And it is not like these people can simply choose to work for longer, as there is a growing bias towards the younger working population. This is most likely to impact healthcare spending in the future.    The pandemic has likely sealed all exits.
Singapore’s loss of foreign talent   Ben   Singapore’s expatriate community has been hit hard by job cuts, as the city-state moves to safeguard local jobs. Singapore’s government announced wage support for local workers, paying up to 75% of their wage for three months.   This has left expats out in the cold, as companies started to pare down on foreign workers, cutting their pay, moving them back to their western offices or laying them off.    The brain drain could lead to the business hub being less competitive. Already, Singapore has lost the crown of being the best place for expats to live.    As populism calls for saving locals’ jobs, there is a case for foreign talent making the island republic better off economically:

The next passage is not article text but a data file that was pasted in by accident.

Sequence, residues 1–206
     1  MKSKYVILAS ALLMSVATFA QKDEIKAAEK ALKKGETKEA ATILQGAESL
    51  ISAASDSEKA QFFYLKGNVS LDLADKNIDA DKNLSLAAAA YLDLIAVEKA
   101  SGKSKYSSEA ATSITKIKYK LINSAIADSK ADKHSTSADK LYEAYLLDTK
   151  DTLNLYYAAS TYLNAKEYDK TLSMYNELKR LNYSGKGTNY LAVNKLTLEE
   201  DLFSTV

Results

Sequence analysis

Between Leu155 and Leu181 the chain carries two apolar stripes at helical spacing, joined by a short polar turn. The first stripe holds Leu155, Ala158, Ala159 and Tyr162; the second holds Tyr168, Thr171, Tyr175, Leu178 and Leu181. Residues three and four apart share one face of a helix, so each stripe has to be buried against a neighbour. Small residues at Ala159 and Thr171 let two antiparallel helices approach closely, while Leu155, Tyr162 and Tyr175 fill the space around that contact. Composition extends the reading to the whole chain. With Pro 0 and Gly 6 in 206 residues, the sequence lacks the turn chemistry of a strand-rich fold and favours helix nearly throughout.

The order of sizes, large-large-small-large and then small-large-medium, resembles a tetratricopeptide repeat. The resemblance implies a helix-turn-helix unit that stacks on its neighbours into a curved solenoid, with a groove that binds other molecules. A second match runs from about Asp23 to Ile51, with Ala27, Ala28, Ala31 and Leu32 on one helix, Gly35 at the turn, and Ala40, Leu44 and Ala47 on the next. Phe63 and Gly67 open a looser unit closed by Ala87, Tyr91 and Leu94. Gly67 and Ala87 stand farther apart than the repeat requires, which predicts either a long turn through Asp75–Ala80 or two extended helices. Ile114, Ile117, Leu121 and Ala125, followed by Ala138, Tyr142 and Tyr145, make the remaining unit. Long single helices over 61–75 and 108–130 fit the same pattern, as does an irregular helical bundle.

Quote Imagine that, back in 1965, if we were to adopt a policy of not appointing foreign applicants, then by now in 2018, we would have virtually all of our top jobs occupied by Singaporeans only.   However, we would almost certainly be a much more backward country with all, including top jobs, paying much less than half those of the current levels.   This would be the case if, for instance, we lose 1.5 percent of GDP growth each year over 53 years – a back-of-the-envelope estimate which is not unreasonable when you consider that the real GDP per capita of Singapore since independence grew at an average annual compounded rate of about 5 percent.   Almost certainly, if a no-foreign-talent policy were pursued instead, Singapore’s average growth rate would be less than half of this. Ng Yew Kwang, Professor of Economics at the Nanyang Technological University